According to the BBC, Ireland’s Data Protection Commission (DPC) has fined TikTok €345m for violating the EU’s General Data Protection Regulation (GDPR) privacy law. When users create an account on the social media platform, their profiles are public by default, meaning the content they share can be viewed and commented on by anybody. However, users can make their profiles private by changing their settings. The problem is that if a user doesn’t know this, their privacy would be compromised. Since users aged 13 and up can accounts, the fact that their accounts were public from the get-go was the main subject the DPC’s fine wished to address. We should mention that TikTok has changed their policy and now children aged 13-15 have private accounts by default when they create a new account. But what does this fine mean for parents? Should it be celebrated? Or is it just a punishment that doesn’t address the root of the issue?
TikTok’s Popularity with Teenagers
TikTok is extremely popular with teenagers, though it does have other age demographics among its users. You don’t really need statistics to see just how much of the content created and shared on TikTok features children and teenagers. Though the stats also confirm this. According to wallaroomedia, approximately 32% of TikTok’s users were aged 10-19 as of June 2020. Since then, the demographic has grown both larger and older, but that doesn’t mean new children don’t join the platform every day.
TikTok’s popularity has made it so that many non-TikTok users are aware of the trends on the platform since the same videos are usually uploaded on YouTube, Instagram, and other social media platforms, days later. Many children will easily make the jump from these social media platforms to TikTok itself, even though these social media platforms may be safer than TikTok.
What Has TikTok Changed?
TikTok has some new features for teens and families which are meant to make the platform safer. Some of these features include:
- For accounts that belong to users under the age of 18, they will have to enter a password after using TikTok for 60 minutes daily, making sure that they’ve actively decided to extend their app usage.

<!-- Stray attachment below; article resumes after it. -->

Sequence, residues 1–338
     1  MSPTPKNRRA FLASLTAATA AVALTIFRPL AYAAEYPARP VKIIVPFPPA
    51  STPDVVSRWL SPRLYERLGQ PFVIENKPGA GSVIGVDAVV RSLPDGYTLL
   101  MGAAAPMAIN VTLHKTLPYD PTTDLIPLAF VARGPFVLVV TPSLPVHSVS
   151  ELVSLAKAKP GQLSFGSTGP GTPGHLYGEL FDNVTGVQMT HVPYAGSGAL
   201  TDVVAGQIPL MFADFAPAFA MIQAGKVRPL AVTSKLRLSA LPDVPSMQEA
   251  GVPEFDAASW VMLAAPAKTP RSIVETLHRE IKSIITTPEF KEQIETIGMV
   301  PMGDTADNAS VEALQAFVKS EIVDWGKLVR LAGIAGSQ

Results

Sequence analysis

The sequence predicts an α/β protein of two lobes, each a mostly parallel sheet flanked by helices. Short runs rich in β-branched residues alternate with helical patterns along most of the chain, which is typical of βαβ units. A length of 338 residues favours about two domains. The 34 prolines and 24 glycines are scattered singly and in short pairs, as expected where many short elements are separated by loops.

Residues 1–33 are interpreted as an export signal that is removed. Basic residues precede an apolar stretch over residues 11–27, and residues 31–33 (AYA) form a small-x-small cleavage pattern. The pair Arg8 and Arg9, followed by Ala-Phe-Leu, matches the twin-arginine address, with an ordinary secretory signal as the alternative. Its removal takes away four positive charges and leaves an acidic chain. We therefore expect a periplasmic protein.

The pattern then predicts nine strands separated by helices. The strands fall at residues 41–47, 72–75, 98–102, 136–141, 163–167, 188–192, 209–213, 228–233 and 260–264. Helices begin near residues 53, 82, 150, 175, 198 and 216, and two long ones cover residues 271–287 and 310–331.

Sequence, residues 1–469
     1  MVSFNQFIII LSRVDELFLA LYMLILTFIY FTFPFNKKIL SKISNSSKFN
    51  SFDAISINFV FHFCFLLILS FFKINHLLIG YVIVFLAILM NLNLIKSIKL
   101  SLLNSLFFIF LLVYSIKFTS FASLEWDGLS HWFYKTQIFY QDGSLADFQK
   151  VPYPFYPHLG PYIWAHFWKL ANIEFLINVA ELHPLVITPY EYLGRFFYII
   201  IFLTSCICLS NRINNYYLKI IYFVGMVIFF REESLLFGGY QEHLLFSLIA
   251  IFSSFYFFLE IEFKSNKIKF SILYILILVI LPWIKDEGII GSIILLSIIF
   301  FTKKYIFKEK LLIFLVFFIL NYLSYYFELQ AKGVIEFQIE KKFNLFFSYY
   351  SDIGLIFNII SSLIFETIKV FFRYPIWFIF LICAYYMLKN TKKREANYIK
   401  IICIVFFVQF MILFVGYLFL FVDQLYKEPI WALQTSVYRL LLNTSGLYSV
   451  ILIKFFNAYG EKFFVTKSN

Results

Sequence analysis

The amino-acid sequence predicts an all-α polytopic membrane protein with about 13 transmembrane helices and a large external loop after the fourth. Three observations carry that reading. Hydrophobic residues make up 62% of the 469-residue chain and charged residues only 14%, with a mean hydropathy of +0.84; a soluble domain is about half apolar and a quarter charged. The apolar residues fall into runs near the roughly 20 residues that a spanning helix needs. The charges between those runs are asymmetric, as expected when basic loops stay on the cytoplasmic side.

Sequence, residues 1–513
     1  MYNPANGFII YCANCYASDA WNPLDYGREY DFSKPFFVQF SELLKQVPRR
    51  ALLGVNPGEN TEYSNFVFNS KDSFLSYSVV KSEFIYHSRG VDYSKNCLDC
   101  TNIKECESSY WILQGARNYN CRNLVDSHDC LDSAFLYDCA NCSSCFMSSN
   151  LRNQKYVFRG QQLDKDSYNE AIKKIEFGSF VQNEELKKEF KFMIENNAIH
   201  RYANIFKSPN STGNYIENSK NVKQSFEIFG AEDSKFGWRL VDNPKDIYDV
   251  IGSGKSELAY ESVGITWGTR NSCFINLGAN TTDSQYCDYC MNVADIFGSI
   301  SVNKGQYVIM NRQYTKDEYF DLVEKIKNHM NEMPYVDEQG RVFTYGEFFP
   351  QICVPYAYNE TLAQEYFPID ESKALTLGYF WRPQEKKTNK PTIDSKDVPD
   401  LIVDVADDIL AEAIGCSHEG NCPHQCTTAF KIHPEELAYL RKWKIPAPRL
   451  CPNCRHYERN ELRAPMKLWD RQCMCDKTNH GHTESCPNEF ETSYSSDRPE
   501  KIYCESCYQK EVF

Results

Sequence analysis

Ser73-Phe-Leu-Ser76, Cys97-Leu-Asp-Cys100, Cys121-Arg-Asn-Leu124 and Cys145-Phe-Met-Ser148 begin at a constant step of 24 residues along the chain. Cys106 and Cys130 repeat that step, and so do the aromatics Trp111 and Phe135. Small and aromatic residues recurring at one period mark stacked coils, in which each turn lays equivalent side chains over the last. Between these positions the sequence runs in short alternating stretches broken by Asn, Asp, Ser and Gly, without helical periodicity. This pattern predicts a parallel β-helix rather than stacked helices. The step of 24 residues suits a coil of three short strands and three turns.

- The same goes for accounts under 13, except that the parent or guardian has to enter the passcode to extend their child’s app usage for the day.
- TikTok sends every teen account a weekly recap of how much time they spent on the app.
- Users aged 13-15 have their accounts set to private by default, enabling teens to make informed choices about what they choose to share, when, and with whom.
- Direct messaging is only available to those aged 16 and older and to host a LIVE, community members must be at least 18.
- You can set custom screen time limits for each day’s TikTok usage for your child while using Family Pairing, TikTok’s parental controls
Is It Enough?
Are all of the changes that TikTok has made enough? Will the fine make other social media platforms more careful with teenage account creation? Probably not. Though these changes should be celebrated, there are still many ways that these social media platforms can be dangerous for teenagers and children alike.
Children can easily lie about their age when creating accounts on social media platforms, and as of now, there isn’t a lot that these platforms can do about it. Also, many social media platforms, including TikTok allow teenagers to change their privacy settings, making themselves vulnerable to online dangers.
Since it’s not possible, nor reasonable, to ban teenagers from the internet and social media altogether, parents have to use a combination of tactics to ensure their child’s digital safety. Using a mix of social media privacy settings and parental control apps, along with communicating openly with your child about what risks they take when sharing information online can be a good recipe for digital well-being.